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For more than 60 years, Antorino and Sons have been providing Suffolk County residents with exceptional septic tank service. Whether you’re in need of general maintenance, you need a new septic tank installation, or you are experiencing an emergency, you can count on our team of highly trained and experienced technicians to handle all of your septic service needs.
You probably don’t think much about flushing your toilets, taking a shower, washing the dishes, or running your washing machine. You go about your business and the wastewater just disappears, never to be seen again…
While it might seem magical, that water doesn’t just disappear into thin air, and you could certainly see it again. The wastewater you produce and flush down your toilets and drains runs through an intricate system of pipes that all connect to a septic tank located in your yard. Natural bacterium inside the tank breaks down the waste and passes it out into a drain field, where it’s absorbed into the ground.
As long as a septic system is properly maintained, it’s highly efficient, extremely durable, and should last for years to come without any issues. However, many Riverhead, NY homeowners don’t practice proper maintenance and eventually, the system fails and they have a massive, dangerous, and expensive problem on their hands: a septic system overflow.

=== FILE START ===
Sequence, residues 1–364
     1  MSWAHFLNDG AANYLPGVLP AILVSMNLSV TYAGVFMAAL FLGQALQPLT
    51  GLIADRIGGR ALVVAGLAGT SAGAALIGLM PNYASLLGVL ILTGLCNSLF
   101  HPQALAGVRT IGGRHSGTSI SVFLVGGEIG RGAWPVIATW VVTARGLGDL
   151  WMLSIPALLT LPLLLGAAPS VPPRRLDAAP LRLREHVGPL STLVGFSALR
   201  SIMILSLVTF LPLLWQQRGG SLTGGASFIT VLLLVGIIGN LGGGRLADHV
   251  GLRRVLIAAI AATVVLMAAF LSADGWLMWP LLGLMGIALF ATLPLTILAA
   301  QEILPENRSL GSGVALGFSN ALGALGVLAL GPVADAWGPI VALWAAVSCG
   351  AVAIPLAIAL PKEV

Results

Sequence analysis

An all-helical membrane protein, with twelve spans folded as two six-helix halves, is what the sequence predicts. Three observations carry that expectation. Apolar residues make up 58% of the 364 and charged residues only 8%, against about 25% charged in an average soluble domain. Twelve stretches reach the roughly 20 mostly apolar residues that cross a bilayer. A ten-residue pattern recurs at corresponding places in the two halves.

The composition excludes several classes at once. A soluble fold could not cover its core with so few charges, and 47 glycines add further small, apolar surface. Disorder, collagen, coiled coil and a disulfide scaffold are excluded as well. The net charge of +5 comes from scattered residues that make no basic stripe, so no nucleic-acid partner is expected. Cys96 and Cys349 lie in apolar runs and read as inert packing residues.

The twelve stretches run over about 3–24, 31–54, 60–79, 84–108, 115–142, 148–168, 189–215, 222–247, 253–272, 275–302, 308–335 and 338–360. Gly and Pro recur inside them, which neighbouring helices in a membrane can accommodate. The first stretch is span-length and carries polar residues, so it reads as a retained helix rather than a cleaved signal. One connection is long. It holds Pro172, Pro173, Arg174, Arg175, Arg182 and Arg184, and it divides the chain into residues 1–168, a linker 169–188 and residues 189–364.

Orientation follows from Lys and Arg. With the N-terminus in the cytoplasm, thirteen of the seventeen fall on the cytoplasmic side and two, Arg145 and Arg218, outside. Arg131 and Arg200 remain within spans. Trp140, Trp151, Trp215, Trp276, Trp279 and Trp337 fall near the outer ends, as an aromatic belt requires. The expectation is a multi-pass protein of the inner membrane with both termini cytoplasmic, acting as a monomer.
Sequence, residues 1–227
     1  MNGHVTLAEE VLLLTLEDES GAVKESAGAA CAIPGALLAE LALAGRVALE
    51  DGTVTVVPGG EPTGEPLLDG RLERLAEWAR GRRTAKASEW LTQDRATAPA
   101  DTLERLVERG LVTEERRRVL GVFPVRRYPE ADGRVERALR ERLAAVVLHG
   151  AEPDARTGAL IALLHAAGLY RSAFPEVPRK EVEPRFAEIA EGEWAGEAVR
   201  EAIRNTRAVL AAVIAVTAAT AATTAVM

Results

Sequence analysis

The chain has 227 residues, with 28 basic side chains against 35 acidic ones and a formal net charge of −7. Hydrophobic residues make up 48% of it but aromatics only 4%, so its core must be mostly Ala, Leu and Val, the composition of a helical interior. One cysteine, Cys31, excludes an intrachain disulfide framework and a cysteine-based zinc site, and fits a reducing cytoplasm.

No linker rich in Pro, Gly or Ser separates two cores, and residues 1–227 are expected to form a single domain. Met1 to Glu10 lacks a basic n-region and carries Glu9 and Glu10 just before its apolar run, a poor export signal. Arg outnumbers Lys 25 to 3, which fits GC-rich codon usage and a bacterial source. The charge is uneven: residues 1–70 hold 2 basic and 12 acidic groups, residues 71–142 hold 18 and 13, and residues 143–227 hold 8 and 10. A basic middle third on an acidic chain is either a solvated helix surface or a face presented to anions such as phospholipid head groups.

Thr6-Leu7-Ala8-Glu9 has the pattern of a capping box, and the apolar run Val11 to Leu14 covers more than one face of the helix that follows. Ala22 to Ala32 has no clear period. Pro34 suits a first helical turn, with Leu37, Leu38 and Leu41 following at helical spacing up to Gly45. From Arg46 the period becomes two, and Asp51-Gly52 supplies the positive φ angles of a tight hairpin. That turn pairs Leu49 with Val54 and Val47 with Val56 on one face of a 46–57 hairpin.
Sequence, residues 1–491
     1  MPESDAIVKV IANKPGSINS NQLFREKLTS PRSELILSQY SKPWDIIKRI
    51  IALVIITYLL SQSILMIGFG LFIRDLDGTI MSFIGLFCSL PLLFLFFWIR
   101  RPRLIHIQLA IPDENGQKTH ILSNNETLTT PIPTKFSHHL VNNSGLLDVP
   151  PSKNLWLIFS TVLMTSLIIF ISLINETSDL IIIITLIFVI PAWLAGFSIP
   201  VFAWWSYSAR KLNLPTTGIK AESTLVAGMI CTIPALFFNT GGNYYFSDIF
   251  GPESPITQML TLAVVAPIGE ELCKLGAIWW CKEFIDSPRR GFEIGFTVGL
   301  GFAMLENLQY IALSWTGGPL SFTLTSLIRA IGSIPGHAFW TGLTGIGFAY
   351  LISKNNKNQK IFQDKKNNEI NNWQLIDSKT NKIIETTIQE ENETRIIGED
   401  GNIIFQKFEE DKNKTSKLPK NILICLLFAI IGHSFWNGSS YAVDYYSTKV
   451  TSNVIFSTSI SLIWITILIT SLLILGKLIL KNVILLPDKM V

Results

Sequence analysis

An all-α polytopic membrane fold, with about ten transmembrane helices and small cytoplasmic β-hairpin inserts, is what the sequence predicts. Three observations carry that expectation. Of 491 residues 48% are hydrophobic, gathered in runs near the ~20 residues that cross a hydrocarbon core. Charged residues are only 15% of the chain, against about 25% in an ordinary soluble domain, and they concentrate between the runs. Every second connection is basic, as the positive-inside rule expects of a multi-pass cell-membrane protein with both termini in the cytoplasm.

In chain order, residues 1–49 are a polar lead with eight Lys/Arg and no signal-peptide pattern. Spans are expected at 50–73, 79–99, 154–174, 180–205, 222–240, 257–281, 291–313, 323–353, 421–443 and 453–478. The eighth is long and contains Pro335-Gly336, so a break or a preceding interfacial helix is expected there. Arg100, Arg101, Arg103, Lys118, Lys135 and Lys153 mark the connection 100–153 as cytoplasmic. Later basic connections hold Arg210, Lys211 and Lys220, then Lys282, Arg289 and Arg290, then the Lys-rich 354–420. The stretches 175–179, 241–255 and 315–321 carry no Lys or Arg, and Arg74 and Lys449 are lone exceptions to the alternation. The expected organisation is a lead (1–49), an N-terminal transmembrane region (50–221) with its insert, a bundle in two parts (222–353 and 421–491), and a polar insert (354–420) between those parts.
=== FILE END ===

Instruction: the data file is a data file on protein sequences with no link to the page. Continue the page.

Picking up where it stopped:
To avoid the major headache and huge expense that septic tank woes can cause, Antorino and Sons, a leading Suffolk County septic company offers the following tips.
Cesspools are designed to process organic (biodegradable) waste only, they can’t breakdown inorganic waste. If you’re flushing anything that the system can’t process (coffee grounds, paper towels, motor oil, etc.), damage and an eventual backup is a guarantee.
Pay attention to what you’re flushing. Harmful chemicals can disrupt the balance of the healthy bacterium that breaks down waste. When waste doesn’t breakdown, it keeps building up and eventually, the septic tank will overflow. Plus, toxic matter can pass into the ground that surrounds your septic tank’s drain field and seep into the water supply. Additionally, you should never flush anything that could get trapped in the pipes, such as cotton swabs, cigarette butts, feminine hygiene products, bones, grease, or disposable diapers. Even thick toilet paper and wipes that are advertised as “flushable” should never be put down the toilets. These items can clog the pipes that connect to the septic tank, cause a massive backup, and do extensive and costly damage to your home.
Septic tanks are usually constructed of concrete, brick, or cement blocks. While these materials are durable, they can crack under the pressure of heavyweight. To that end, you should avoid driving over or parking on top of your septic tank. Additionally, you should never build anything on top of the tank (a patio or a deck, for example). The weight of these items can damage the walls and roof of the septic tank, and in the worst-case scenario, the tank could completely collapse. Septic tank collapses are extremely dangerous and potentially lethal, so it’s vital that you keep heavy items as far away from your cesspool as possible.